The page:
In light of all of the recent Walkermentum, I thought I’d mention that the Wisconsin governor who is all but certain to run for the GOP presidential nomination has just announced a pretty smart new education proposal. According to Molly Beck of the Wisconsin State Journal, Walker has called for eliminating onerous licensing requirements for teachers. Outside of a few high-demand areas, public-school teachers in the state are required to obtain a teaching license that they can only acquire by enrolling in expensive, time-consuming teacher preparation programs that don’t appear to increase teacher effectiveness. Walker wants to allow college graduates with relevant work experience to teach without enrolling in such programs, a step that would greatly increase the supply of potential teachers. Suffice it to say, not everyone can teach, and one assumes that new teachers won’t just be thrown into classrooms without any preparation. But the preparation they need, in the form of rigorous feedback from experienced teachers and from peers, is not generally what teachers-in-training get from traditional teacher-preparation programs.
Moreover, Walker’s approach will make it far easier for mid-career professionals to transition into teaching without incurring the huge opportunity cost that the current licensing regime imposes on them. Back in 2009, Frederick Hess of the American Enterprise Institute explained why opening up the teacher talent pool in this way might prove so immensely beneficial. While public schools tend to recruit teachers at the start of their careers, there are many older professionals who might be open to teaching if the barriers to entry weren’t quite so high, even if salaries remained fairly modest. Hess cites a 2008 Woodrow Wilson National Fellowship Foundation survey which found that an incredibly 42 percent of college-educated adults between the ages of 24 and 60 were open to the idea of teaching, and these adults tended to have stronger academic records than those who ruled out teaching. If even a small fraction of these professionals moved into teaching, one can imagine average teacher quality improving by quite a lot. So you can see who has the greatest interest in forcing older professionals to jump through hoops before making public school teaching their second and third act: lackluster teachers who fear the competition. I for one am rooting for Walker.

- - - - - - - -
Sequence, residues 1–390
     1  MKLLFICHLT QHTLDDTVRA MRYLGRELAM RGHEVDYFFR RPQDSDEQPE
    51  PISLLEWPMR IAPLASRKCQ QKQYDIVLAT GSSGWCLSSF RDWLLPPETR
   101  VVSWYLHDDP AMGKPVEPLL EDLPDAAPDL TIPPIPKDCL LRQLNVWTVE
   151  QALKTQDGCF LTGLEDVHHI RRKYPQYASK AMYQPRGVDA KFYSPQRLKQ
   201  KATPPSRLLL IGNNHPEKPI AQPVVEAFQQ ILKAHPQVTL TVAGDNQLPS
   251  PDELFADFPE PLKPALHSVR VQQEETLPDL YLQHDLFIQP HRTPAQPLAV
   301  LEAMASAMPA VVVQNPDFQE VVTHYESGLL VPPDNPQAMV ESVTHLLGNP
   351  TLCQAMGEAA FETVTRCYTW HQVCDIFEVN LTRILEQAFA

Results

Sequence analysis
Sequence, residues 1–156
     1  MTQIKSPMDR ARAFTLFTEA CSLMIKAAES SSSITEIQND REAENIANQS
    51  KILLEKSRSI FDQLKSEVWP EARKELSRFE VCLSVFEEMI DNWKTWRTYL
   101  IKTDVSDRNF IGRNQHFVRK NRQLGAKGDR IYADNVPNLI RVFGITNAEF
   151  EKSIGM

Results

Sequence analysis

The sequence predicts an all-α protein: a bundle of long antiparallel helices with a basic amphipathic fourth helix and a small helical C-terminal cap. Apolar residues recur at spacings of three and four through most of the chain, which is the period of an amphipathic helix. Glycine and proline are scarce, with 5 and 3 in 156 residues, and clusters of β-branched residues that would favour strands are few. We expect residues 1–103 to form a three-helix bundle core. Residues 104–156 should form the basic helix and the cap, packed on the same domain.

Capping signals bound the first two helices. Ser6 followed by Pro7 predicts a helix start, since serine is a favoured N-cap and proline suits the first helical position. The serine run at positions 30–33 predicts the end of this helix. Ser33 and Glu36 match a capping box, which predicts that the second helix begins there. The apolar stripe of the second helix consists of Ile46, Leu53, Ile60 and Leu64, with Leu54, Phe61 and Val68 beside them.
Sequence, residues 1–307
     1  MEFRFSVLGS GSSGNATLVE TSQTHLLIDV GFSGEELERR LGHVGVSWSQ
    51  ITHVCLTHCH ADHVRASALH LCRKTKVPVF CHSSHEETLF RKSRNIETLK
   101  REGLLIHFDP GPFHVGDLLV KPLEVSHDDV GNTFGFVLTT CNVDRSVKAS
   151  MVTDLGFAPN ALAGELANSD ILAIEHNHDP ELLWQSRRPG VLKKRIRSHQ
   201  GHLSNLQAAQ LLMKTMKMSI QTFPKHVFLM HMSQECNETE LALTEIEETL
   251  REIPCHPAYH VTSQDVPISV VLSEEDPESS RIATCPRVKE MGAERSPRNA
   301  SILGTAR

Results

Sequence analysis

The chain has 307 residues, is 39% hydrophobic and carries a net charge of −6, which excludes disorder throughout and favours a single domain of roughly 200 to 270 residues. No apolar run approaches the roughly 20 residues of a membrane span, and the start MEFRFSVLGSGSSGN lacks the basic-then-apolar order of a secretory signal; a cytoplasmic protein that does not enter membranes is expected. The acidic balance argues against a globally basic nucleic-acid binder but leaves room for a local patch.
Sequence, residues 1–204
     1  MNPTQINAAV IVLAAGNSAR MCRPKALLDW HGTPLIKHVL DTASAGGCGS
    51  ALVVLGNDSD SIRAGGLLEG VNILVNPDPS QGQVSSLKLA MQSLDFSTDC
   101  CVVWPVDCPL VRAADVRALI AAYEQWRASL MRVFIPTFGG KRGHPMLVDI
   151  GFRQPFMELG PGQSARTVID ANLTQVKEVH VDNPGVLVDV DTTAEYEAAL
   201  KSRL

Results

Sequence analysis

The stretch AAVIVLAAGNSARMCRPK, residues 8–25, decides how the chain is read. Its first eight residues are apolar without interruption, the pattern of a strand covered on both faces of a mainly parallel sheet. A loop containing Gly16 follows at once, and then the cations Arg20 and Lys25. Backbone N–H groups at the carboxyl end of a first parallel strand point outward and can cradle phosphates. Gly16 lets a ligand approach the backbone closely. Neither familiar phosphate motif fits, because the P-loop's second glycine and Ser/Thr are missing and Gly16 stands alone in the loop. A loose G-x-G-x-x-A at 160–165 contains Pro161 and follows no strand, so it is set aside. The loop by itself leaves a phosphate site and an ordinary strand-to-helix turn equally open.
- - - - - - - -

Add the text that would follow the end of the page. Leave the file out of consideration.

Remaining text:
Licensing teachers is very much a state and local issue. I have no idea what Walker thinks about national issues, and it’s not entirely clear to me that he knows either. But if he can be as creative and gutsy in tackling the dysfunctional mess that is the federal government as he’s been at reforming K-12 and higher education in Wisconsin, all the Walkermentum will be richly deserved.